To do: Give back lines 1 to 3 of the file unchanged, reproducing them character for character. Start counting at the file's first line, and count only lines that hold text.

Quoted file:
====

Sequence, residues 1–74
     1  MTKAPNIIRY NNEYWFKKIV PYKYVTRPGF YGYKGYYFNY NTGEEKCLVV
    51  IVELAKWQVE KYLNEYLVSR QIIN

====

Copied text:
Sequence, residues 1–74
     1  MTKAPNIIRY NNEYWFKKIV PYKYVTRPGF YGYKGYYFNY NTGEEKCLVV
    51  IVELAKWQVE KYLNEYLVSR QIIN